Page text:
Prostate cancer (PCa) is one of the the most common cancers in men. A blood test called prostate-specific antigen (PSA) has a potential to pick up this cancer very early and is used for screening of this disease. However, screening for prostate cancer is a matter of debate. Level 1 evidence from randomised controlled trials suggests a reduction in cancer-specific mortality from PCa screening. However, there could be an associated impact on quality of life due to a high proportion of overdiagnosis and overtreatment as part of the screening. The US Preventive Services Task Force (USPSTF) in 2012 recommended that PSA-based PCa screening should not to be offered at any age. However, considering the current evidence, USPSTF recently revised its recommendation to offer the PSA test to men aged 55–69 years with shared decision-making, in line with earlier guidelines from the American Cancer Society and the American Urological Association. A shared decision making is necessary since the PSA test could potentially harm an individual. However, the literature suggests that clinicians often neglect a discussion on this issue before ordering the test. This narrative discusses the main controversies regarding PCa screening including the PSA threshold for biopsy, the concept of overdiagnosis and overtreatment, the practical difficulties of active surveillance, the current level 1 evidence on the mortality benefit of screening, and the associated pitfalls. It offers a detailed discussion on the ethics involved in the PSA test and highlights the barriers to shared decision-making and possible solutions.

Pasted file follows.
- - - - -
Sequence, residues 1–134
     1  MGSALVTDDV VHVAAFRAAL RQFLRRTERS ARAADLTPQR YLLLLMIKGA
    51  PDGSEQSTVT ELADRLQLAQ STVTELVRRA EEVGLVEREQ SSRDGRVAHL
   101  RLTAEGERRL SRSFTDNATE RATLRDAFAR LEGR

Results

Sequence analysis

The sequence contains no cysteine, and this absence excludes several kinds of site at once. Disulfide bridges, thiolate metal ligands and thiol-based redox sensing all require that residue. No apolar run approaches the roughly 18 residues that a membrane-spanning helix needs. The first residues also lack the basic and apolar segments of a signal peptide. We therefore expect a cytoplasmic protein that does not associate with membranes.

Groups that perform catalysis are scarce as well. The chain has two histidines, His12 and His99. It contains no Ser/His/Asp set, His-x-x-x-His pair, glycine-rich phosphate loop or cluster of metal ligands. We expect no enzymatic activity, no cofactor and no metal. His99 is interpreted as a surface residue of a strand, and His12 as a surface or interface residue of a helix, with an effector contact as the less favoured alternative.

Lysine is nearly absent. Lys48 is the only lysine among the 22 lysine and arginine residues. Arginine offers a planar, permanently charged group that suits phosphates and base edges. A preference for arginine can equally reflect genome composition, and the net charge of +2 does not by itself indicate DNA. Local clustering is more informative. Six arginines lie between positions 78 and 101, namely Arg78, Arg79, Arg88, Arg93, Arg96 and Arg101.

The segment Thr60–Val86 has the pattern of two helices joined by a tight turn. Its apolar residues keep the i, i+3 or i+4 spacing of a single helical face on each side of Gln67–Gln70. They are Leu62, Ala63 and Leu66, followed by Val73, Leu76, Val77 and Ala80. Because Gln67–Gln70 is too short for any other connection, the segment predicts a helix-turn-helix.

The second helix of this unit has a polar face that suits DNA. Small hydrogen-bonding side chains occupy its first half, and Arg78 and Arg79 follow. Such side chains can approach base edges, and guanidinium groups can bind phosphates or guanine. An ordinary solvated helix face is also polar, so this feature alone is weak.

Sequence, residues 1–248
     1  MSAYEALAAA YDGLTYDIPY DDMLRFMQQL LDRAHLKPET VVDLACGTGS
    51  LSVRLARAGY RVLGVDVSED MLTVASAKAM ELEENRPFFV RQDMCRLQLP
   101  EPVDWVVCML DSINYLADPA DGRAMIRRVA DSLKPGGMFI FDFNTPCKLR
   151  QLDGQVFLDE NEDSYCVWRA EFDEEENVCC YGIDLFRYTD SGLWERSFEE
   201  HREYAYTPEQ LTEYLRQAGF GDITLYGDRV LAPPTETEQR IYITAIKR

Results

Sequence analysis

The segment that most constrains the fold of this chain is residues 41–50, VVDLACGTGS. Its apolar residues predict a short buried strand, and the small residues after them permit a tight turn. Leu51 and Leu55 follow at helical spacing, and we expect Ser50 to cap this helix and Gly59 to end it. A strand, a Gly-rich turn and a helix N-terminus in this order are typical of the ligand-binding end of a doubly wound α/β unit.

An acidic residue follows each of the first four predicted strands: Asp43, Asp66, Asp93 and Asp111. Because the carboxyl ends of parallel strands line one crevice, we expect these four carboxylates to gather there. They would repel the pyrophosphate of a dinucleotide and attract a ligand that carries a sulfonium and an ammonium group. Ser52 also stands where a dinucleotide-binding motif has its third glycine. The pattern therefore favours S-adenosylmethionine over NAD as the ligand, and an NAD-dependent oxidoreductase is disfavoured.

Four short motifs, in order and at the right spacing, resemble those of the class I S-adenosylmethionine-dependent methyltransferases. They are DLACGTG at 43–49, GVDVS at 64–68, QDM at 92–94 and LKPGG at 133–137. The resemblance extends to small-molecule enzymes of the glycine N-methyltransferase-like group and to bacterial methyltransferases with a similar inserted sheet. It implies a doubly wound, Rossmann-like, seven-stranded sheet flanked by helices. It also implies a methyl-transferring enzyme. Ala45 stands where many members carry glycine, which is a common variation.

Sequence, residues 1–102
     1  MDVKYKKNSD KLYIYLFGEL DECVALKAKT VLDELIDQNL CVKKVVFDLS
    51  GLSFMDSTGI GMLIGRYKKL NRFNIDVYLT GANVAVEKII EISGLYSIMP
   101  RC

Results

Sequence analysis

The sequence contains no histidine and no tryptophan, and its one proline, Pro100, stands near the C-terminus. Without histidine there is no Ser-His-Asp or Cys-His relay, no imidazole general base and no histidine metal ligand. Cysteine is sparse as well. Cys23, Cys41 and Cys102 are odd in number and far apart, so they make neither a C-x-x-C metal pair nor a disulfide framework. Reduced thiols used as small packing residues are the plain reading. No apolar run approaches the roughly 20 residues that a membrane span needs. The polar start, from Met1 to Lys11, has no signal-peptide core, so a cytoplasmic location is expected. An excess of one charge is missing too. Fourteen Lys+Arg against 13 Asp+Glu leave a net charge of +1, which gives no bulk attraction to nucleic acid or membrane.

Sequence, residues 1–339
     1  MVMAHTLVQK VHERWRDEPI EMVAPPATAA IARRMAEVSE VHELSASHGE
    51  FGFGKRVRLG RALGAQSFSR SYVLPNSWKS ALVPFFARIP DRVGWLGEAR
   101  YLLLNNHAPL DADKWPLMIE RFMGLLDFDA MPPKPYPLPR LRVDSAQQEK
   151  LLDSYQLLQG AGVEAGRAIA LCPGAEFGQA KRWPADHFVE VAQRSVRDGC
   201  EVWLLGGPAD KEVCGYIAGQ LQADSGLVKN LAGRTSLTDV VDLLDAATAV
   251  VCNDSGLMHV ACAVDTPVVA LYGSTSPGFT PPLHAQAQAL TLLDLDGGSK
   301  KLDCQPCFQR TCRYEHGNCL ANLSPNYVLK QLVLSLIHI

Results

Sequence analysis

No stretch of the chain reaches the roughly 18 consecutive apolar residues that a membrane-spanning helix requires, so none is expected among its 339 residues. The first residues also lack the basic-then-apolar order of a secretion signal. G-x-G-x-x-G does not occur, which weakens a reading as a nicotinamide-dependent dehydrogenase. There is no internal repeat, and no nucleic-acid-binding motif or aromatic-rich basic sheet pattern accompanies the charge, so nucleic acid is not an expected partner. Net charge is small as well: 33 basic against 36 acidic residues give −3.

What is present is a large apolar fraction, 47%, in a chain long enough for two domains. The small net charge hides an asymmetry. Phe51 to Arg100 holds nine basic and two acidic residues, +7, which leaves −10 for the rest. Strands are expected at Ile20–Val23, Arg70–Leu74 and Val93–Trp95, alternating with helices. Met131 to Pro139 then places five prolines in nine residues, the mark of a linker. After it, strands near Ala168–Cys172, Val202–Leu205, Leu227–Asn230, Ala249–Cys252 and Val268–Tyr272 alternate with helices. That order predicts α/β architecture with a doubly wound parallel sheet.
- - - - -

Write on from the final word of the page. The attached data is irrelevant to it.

- clinical ethics
- education for health care professionals
- public health ethics
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Contributors I am the sole author. I conceptualised and developed the project design, surveyed the literature, prepared the draft and finalised the manuscript.
Funding The author has not declared a specific grant for this research from any funding agency in the public, commercial or not-for-profit sectors.
Competing interests None declared.
Patient and public involvement statement No patient was involved in the preparation of this manuscript.
Patient consent for publication Not required.
Provenance and peer review Not commissioned; externally peer reviewed.
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